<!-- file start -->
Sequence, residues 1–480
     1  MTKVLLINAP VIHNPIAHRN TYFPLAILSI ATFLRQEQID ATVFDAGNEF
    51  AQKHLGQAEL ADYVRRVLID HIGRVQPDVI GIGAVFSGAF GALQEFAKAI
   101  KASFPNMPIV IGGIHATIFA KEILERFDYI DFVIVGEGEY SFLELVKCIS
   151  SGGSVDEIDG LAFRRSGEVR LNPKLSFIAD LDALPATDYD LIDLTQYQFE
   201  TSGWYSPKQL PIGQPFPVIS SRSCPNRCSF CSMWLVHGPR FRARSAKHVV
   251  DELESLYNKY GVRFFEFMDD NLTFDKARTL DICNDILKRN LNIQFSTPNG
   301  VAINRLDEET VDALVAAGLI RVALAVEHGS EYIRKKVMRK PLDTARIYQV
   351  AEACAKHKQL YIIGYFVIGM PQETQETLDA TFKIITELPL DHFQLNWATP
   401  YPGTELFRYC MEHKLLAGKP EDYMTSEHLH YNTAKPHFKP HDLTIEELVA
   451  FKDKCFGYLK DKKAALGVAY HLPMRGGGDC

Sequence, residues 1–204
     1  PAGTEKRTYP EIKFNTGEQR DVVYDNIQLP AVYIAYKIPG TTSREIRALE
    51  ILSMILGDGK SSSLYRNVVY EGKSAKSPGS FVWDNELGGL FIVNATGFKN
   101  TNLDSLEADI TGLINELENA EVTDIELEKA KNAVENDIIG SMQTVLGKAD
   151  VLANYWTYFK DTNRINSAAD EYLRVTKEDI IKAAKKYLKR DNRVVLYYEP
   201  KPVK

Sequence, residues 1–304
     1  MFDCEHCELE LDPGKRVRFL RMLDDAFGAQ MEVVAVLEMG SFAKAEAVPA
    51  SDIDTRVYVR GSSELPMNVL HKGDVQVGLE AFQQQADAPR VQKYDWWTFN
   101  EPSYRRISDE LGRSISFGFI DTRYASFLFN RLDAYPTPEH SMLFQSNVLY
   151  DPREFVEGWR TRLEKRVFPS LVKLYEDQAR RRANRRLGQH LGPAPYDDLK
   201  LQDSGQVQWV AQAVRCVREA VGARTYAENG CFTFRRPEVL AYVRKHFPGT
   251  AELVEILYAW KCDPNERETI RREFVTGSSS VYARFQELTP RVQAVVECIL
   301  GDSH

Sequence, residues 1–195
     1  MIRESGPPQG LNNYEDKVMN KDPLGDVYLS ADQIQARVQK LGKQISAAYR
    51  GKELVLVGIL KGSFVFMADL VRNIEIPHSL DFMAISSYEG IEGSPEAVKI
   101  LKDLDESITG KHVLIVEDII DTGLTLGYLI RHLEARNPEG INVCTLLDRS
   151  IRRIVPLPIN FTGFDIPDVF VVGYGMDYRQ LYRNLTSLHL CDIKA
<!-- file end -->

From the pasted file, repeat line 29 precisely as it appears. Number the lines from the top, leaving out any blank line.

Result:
   101  LKDLDESITG KHVLIVEDII DTGLTLGYLI RHLEARNPEG INVCTLLDRS